×
INTELLIGENT WORK FORUMS
FOR ENGINEERING PROFESSIONALS

Are you an
Engineering professional?
Join Eng-Tips Forums!
• Talk With Other Members
• Be Notified Of Responses
• Keyword Search
Favorite Forums
• Automated Signatures
• Best Of All, It's Free!

*Eng-Tips's functionality depends on members receiving e-mail. By joining you are opting in to receive e-mail.

#### Posting Guidelines

Promoting, selling, recruiting, coursework and thesis posting is forbidden.

# Control design for finite element model

## Control design for finite element model

(OP)

I am coding up a non-linear dynamic simulation of some wind turbine blade test equipment. The blade is cantilevered from a mounting structure and fatigue tested by reciprocating a large mass that is mounted to the blade at the resonant frequency of the system. The blade and its mounting structure can be simplified to the system inside the red box in the picture.

In the finite element model, the displacements are solved for based on externally applied forces. I therefore need to calculate what force needs to be applied in order to get the displacement d(t) to follow a prescribed sinusoidal path given by d(t)=A*sin(2*pi*f*t) where A is the amplitude, f is the resonant frequency of the system and t is time. I intend to model the hydraulic actuator as a beam element with length l and a very low axial stiffness, and apply a force F(t) to the mass and the structure so that l follows the equation above.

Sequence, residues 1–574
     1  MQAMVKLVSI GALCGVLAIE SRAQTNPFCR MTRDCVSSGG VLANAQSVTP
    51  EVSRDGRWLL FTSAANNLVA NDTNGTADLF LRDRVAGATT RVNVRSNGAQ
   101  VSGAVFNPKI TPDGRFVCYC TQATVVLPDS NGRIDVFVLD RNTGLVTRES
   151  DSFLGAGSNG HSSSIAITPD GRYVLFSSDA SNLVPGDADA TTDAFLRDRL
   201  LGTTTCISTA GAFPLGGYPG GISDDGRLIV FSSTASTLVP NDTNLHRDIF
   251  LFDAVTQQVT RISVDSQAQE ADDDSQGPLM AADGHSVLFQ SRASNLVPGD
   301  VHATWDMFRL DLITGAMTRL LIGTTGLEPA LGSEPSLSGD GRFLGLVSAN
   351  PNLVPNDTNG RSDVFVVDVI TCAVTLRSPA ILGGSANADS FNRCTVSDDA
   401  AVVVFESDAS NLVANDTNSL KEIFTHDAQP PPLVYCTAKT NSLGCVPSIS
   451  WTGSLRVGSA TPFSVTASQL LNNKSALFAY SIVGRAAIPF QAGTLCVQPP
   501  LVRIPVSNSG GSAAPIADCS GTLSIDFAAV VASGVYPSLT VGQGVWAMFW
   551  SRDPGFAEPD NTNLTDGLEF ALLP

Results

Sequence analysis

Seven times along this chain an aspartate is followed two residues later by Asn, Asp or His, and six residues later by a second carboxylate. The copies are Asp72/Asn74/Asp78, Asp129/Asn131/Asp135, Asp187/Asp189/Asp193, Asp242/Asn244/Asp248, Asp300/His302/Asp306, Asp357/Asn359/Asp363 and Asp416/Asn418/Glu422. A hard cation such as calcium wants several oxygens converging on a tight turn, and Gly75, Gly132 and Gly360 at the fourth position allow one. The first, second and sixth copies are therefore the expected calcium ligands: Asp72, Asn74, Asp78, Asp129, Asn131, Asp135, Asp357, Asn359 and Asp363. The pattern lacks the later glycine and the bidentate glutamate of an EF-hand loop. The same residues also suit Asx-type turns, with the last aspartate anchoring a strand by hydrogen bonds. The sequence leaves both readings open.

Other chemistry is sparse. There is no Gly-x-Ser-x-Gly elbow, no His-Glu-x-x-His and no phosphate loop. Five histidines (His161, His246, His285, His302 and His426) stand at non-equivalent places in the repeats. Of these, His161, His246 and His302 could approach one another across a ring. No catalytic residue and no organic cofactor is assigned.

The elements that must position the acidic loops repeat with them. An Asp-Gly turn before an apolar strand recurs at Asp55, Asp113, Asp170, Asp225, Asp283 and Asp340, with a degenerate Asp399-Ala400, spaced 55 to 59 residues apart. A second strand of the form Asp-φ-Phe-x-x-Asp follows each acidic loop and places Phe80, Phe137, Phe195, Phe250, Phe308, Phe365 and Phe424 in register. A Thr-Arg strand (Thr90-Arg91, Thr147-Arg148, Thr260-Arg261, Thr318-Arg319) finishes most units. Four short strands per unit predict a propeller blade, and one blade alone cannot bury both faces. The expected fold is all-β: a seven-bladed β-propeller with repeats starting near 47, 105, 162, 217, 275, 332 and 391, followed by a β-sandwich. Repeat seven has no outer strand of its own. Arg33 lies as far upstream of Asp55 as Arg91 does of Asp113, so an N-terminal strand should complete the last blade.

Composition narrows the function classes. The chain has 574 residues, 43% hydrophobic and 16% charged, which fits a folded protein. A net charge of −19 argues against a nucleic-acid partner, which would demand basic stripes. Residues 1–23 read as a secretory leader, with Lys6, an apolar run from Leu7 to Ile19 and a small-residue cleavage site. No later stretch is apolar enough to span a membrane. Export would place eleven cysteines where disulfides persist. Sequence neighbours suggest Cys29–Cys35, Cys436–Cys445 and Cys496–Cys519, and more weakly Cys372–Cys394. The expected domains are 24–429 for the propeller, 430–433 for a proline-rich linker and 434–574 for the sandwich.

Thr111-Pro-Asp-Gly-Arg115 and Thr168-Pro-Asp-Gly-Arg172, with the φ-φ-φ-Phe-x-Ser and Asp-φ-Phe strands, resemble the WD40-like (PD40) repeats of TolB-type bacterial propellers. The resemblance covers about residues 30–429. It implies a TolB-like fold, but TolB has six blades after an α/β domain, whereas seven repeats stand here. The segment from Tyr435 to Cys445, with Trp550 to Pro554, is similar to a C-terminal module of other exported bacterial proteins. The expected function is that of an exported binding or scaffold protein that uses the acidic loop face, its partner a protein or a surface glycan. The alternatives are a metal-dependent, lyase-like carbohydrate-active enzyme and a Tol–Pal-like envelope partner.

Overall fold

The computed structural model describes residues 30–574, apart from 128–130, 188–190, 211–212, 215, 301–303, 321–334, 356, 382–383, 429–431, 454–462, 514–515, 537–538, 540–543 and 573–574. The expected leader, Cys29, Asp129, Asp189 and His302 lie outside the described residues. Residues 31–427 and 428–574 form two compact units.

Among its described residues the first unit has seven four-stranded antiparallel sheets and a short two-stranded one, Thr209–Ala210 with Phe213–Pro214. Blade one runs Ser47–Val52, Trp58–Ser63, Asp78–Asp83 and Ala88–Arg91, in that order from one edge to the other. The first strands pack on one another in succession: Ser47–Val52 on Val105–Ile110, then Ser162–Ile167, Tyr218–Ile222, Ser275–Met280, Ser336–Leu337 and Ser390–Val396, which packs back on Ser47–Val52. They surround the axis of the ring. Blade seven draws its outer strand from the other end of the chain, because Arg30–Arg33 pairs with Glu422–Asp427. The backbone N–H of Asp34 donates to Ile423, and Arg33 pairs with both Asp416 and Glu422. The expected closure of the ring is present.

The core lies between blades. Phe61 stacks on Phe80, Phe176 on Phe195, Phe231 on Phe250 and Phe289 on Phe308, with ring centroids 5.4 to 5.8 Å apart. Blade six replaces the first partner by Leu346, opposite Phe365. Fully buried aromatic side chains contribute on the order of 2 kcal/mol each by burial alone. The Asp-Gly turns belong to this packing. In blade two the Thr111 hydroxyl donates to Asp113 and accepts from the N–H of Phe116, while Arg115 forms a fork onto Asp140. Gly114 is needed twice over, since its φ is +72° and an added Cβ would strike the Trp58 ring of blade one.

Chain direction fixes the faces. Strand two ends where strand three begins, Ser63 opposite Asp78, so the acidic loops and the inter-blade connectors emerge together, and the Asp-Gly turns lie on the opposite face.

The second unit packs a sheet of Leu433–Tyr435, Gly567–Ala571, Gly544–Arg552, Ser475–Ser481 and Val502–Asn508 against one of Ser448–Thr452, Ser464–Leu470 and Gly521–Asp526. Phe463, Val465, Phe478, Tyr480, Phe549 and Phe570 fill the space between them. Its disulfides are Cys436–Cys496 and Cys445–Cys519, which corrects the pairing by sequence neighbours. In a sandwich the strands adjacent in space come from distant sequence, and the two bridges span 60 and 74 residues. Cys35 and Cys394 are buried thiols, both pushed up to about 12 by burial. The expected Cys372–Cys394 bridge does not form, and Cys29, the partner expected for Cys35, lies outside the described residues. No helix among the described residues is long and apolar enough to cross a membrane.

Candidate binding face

My question is: given all of the above information, how do I calculate what force to apply at the next time step, given the desired length at the new time step (d(t)), the length at the previous time step (l) and the equivalent model of the blade given by K, C and M?

Any help will be much appreciated!

#### Red Flag This Post

Please let us know here why this post is inappropriate. Reasons such as off-topic, duplicates, flames, illegal, vulgar, or students posting their homework.

#### Red Flag Submitted

Thank you for helping keep Eng-Tips Forums free from inappropriate posts.
The Eng-Tips staff will check this out and take appropriate action.

Close Box

# Join Eng-Tips® Today!

Join your peers on the Internet's largest technical engineering professional community.
It's easy to join and it's free.

Here's Why Members Love Eng-Tips Forums:

• Talk To Other Members
• Notification Of Responses To Questions
• Favorite Forums One Click Access
• Keyword Search Of All Posts, And More...

Register now while it's still free!